Now, she's talking about marriage and how, in daily life, you can kind of "blend" together….but when I first read it, I thought it very much applied to the SELF. Your self. Who you are, what your desires are, day to day. So many people I know kind of avoid the self, avoid feeling certain things…distract themselves with "stuff" or dissociative activities…Of course, we can all fall victim to just getting lost in a haze…especially when life seems to be too hectic and we don't have the time to relax, etc…

I guess I just spend a fair amount of time thinking, analyzing, internalizing…and, in fact, too much of that can be harmful. I think I fell victim to that a lot when I was younger…and still do from time to time, though I think I've learned the tools to recognize the patterns. You know, how sometimes you can "dwell" too long on something or, you feel like staying in but deep down you know that you should probably go out, if just for a bit, and you'd feel better.

It's all about balance. Anyway, but as I was saying – I feel like there's a lot of people who just don't know who they are, fundamentally. And I mean, I would go mad…I HAVE gone mad, from lack of being in tune with myself.

But what about getting to know others? I mean, why do people even read blogs? Do you really want to know what I'm thinking, do I want to know what I'm really thinking, etc.

I am interested in the people we play, the numbers of persona we inhabit, create. How aware are we of the myriad of selves employed form day-to-day, setting to setting?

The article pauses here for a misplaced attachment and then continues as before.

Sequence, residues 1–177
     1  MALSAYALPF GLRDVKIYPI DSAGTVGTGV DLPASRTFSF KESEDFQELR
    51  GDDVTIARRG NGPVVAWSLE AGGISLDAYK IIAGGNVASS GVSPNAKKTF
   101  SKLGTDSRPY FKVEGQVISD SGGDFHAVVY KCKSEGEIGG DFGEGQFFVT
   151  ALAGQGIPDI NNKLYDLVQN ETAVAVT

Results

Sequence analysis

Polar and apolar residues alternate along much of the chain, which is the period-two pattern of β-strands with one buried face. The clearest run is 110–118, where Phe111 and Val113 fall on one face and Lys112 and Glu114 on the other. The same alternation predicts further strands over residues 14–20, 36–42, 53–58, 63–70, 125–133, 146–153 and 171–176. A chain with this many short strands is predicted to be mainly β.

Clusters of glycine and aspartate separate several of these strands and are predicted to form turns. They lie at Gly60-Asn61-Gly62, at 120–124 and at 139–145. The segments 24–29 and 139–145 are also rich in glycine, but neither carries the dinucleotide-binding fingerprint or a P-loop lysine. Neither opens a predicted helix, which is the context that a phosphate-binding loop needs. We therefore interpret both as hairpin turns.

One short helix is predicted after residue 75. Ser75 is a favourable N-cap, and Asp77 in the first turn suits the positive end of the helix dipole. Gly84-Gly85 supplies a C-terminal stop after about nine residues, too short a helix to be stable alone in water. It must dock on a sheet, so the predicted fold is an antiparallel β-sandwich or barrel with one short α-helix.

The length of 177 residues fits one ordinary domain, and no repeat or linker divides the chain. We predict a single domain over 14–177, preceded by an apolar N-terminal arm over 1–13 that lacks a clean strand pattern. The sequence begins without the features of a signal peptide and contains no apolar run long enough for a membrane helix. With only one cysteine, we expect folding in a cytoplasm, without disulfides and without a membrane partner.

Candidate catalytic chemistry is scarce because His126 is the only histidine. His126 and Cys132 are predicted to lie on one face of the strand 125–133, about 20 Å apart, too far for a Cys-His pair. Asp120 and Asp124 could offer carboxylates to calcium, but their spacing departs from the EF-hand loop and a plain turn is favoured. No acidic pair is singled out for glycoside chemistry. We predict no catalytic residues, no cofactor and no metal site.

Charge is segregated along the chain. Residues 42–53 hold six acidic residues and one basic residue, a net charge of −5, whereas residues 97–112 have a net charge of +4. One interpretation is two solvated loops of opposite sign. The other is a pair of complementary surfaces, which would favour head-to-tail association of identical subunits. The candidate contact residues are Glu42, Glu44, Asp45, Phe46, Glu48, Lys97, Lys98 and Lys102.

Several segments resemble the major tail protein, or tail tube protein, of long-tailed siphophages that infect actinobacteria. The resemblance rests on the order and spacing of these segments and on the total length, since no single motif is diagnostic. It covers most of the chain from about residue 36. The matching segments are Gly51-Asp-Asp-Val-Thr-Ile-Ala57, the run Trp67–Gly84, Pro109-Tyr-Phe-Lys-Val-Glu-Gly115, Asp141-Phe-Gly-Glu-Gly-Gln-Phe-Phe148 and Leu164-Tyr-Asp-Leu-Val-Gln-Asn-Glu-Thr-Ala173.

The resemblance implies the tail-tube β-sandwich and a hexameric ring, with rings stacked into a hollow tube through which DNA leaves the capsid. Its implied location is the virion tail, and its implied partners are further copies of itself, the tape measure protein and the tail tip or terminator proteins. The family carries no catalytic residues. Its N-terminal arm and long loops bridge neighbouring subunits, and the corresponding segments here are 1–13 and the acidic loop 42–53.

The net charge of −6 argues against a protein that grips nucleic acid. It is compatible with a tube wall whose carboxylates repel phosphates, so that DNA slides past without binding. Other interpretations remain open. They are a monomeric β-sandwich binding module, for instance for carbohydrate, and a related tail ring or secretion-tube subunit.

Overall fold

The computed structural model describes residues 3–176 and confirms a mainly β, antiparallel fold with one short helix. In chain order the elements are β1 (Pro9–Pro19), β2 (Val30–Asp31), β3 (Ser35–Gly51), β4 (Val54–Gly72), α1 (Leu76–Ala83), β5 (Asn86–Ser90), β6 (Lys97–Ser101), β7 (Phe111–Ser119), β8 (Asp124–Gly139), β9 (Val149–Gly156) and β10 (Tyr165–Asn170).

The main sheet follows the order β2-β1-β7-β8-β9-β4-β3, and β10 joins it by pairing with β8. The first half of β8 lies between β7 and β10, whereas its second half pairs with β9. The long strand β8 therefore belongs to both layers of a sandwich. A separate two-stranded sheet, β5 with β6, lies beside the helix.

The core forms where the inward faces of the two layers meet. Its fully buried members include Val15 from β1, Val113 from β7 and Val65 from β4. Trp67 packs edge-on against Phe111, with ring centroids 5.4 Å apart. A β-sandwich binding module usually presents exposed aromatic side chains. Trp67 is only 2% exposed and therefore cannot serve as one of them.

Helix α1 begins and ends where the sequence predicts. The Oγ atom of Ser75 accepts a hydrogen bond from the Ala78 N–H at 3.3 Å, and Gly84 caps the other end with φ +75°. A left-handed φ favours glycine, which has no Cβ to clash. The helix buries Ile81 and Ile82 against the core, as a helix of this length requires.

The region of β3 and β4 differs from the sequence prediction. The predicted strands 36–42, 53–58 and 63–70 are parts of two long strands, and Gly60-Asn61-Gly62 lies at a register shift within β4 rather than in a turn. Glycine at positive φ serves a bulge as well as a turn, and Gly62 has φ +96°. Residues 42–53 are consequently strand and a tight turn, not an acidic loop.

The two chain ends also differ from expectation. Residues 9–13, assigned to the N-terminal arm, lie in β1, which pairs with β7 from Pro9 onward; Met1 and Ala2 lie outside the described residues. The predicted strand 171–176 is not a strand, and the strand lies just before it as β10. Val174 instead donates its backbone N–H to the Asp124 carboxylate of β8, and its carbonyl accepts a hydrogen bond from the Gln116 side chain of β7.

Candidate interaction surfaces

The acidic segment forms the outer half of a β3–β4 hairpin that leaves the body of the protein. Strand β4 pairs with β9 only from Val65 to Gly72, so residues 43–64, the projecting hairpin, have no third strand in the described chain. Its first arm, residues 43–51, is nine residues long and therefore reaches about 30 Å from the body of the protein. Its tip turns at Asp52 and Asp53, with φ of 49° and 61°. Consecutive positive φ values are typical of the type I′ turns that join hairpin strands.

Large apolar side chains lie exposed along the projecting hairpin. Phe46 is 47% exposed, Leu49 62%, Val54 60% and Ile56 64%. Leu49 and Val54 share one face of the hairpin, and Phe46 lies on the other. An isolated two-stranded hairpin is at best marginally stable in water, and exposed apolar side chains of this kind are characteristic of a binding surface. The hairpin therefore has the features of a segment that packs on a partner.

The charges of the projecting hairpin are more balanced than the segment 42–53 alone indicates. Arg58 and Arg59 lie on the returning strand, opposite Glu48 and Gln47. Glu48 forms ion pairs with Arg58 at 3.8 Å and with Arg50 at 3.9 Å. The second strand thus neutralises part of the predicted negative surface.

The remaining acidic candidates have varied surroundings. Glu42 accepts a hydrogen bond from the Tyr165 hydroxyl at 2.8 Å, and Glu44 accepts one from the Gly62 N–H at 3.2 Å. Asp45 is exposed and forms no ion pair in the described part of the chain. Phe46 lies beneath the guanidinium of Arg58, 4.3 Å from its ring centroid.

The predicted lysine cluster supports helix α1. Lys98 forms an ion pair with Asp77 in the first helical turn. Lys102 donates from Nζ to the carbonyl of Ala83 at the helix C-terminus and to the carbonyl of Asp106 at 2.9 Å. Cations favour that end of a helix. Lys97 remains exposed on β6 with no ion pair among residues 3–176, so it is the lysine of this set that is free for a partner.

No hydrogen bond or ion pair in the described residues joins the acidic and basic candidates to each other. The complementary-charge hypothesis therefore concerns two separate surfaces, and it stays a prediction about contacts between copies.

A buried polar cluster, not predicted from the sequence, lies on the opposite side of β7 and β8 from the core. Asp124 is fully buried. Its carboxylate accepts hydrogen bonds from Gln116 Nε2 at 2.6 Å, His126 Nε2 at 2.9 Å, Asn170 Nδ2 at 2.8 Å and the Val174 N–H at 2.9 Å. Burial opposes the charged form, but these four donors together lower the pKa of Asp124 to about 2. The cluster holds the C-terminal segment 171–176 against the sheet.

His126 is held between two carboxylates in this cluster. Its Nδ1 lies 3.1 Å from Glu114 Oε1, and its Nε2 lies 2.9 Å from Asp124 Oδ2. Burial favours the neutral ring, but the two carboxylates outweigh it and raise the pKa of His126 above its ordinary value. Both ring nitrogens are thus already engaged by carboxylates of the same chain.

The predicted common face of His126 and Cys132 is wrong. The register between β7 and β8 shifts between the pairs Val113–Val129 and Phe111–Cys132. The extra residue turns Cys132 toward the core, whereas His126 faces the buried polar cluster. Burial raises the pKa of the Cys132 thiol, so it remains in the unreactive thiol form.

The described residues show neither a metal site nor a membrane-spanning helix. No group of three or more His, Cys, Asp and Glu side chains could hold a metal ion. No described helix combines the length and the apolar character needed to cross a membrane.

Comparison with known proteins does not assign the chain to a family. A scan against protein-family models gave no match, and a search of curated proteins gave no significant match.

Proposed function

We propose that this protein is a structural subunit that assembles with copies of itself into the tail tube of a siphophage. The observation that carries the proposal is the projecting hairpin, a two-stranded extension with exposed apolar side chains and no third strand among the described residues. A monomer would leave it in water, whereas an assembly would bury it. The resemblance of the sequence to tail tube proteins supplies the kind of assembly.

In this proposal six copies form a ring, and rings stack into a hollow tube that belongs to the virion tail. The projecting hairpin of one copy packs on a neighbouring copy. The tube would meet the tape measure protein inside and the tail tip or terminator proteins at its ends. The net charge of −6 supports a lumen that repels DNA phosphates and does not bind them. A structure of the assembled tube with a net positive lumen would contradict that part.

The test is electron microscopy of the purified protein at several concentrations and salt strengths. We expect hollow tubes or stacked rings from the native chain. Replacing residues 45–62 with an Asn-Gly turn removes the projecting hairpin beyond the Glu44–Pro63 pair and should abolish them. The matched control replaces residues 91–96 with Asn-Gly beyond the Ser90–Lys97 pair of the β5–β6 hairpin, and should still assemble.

Sometimes I shock myself. I do. I find myself writing something and going "did I write that? DID I?" It's fascinating. There's a whole other universe in me and I have only discovered perhaps a small percentage. Think of two people combined! That's an infinite number of galaxies! Darkness, light, space, beauty, rage…lifetimes of selves! And what's more, some people want so badly to "discover" someone else, but often times, once they do draw back that curtain, they retreat…because subconsciously, this desire to "discover" someone, to fall in love and "cure" another or somehow become "complete" by finding a mate…is really the desire to know the self…your own being – which is infinite. Think about it….you are infinite. I mean, of course you're mortal, etc…but you have worlds of capabilities at your fingertips! And why is it that most people are more afraid of themselves than any other human being?

God, if I could become like the Galileo Galilie of human beings! But even Galileo, did he know the vastness of the self? Surely. But maybe not.

Random Thoughts on Spain, Duende, Lorca, etc

May 14, 2008:

Oh, Sunday. I love her. She's such a tease and leaves me wanting more each time she comes round.

So, I spent most of the day reading various books...one of them being The Demon and the Angel by Edward Hirsch. It pretty much talks about sources of artistic inspiration. But what I found most interesting was his thoughts on duende and Federico Garcia Lorca